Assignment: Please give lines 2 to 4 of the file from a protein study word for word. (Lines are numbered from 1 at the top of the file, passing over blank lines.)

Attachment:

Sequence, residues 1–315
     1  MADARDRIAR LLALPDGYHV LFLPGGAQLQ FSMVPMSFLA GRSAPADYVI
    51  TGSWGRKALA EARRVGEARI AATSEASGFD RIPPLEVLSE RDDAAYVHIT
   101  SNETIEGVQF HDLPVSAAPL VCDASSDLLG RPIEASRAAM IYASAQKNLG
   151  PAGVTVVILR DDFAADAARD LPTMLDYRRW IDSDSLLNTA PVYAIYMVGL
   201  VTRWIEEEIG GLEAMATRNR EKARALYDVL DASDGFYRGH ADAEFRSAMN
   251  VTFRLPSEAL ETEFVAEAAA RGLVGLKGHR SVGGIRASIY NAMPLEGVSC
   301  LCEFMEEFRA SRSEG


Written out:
     1  MADARDRIAR LLALPDGYHV LFLPGGAQLQ FSMVPMSFLA GRSAPADYVI
    51  TGSWGRKALA EARRVGEARI AATSEASGFD RIPPLEVLSE RDDAAYVHIT
   101  SNETIEGVQF HDLPVSAAPL VCDASSDLLG RPIEASRAAM IYASAQKNLG